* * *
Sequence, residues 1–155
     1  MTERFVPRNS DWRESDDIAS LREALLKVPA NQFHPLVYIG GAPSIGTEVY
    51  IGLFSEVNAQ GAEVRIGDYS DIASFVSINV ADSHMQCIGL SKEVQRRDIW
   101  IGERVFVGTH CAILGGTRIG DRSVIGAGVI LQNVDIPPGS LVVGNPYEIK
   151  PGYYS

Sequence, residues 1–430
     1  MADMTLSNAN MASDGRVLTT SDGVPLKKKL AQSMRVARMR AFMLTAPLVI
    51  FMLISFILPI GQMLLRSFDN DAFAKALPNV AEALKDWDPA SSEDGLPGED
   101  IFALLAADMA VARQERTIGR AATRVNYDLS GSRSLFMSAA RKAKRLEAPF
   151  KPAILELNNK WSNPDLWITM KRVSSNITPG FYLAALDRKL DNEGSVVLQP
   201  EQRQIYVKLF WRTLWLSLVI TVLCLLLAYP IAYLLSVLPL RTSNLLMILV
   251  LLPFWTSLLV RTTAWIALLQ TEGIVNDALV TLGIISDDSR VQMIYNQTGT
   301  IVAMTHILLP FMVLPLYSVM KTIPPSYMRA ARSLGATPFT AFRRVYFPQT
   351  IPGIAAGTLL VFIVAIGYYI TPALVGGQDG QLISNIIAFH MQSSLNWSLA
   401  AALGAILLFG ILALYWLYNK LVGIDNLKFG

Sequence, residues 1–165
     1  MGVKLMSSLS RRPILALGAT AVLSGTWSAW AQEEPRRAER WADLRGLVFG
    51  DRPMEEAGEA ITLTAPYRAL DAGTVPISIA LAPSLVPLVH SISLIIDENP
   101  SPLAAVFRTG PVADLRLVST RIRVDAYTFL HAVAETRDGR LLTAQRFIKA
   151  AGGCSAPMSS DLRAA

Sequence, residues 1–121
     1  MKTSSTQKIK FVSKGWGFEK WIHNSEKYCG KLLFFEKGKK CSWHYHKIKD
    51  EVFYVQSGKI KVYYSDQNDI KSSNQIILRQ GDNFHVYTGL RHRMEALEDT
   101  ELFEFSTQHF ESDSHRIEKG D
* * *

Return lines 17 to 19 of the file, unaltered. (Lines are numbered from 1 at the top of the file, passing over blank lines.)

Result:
     1  MGVKLMSSLS RRPILALGAT AVLSGTWSAW AQEEPRRAER WADLRGLVFG
    51  DRPMEEAGEA ITLTAPYRAL DAGTVPISIA LAPSLVPLVH SISLIIDENP
   101  SPLAAVFRTG PVADLRLVST RIRVDAYTFL HAVAETRDGR LLTAQRFIKA